Beauty wise a good hair conditioner is A MUST, especially for the awkwardly haired and if your hair is dry. There was many a horrific moment in my childhood before I discovered conditioner and the importance of detangling with conditioner on and was reduced to tears on many an occasion, even that de tangle spray for kids my aunty swore by did sod all on my hair. If you have kids and they are in tears cos of tangles and you’ve resorted to cutting the knots out of their hair for the love of god buy some conditioner, like bucket loads of it. I still don’t like people doing stuff with my hair and hate other people combing and brushing it, it may be why I don’t really like going the hairdresser.


  • Whatever You Wear Now, You Will Look Back and Cringe

No matter how awesome and amazing your outfit, hair, make up whatever is now chances are in a few years you will back and think you look like a tit until you leave it long enough and it’s come back in style again. Even if you wear boring ‘neutral classics’ they will date anyway, one day we will look back on our skinny jeans like we do bootcut jeans, flares and ‘casual fit’ jeans in stonewash. So you might as well go for it. My uncle has a bag of old glasses he keeps for spare parts, sometimes at family gatherings we get them out to laugh at them; but now those comedy plastic giant owl glasses could be sold in some sort of hipster retro fest for a small fortune, ditto this novelty koala jumper my mum made me and my sister wear for a school photo (we had matching ones, given to us as presents, as well as matching hair cuts and no we’re not twins, we don’t even really look a like).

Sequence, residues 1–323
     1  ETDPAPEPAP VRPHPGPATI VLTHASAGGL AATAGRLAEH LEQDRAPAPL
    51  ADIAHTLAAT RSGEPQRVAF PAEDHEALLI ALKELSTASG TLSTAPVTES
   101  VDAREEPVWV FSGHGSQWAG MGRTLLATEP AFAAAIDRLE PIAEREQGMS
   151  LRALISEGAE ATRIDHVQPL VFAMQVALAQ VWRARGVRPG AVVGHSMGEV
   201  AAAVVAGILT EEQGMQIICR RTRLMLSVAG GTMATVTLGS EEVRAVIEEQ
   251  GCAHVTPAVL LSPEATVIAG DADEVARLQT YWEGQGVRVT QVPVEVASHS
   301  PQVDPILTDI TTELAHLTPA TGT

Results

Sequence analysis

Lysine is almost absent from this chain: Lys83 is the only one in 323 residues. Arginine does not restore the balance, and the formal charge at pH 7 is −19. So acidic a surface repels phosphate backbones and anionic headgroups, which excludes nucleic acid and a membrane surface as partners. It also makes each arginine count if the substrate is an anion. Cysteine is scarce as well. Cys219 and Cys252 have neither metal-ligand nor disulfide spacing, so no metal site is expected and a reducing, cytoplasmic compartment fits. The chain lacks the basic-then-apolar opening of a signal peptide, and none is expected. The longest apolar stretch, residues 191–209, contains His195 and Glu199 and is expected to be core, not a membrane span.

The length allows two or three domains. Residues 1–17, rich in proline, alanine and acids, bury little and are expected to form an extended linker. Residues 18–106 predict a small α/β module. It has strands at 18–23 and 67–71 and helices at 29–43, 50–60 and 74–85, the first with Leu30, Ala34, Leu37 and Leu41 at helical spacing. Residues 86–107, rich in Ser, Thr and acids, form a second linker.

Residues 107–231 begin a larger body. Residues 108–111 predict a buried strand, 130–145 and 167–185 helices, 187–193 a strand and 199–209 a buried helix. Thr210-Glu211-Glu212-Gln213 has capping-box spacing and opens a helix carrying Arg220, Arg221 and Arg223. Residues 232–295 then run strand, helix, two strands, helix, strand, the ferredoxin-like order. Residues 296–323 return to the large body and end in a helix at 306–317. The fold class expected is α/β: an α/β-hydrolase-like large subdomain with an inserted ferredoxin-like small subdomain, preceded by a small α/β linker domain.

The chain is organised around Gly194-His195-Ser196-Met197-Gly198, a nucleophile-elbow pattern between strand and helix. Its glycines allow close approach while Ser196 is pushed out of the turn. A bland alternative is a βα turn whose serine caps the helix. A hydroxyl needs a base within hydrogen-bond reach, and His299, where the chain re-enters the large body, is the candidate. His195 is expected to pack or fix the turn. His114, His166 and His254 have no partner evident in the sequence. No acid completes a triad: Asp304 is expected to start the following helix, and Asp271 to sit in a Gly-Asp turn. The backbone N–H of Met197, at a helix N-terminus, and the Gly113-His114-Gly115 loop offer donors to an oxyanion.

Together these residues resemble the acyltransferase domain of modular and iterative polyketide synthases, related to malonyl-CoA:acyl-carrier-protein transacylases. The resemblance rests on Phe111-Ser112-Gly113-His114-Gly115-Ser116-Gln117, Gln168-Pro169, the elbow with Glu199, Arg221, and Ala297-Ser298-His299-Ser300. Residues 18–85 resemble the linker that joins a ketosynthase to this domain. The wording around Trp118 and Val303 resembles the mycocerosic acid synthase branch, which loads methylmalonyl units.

Don’t give a fuck!

If YOU like it and feel comfortable in it, that’s all that matters. Sizes, labels, brand, colour, whatever none of that matters. Part of embracing fashion and developing a sense of style is that personal thing, that confidence to have fun with clothes and make up, you have much more fun if you go wild sometimes. Make mistakes, embrace bizarre sartorial flings that seemed like a good idea at the time, live a bit. Do you want to be the one in all the photos who is wearing the same stuff as everyone else, with the same hair etc etc or do you want to be the one who might look a bit ‘eccentric’ but at least you made an effort. Of course if it’s your genuine desire to blend in and wear beige and stuff, go for it. I might be cynical but I don’t judge people for wearing anything, even if you think something is hideous someone else might love it and it’s their choice and that’s the end of it.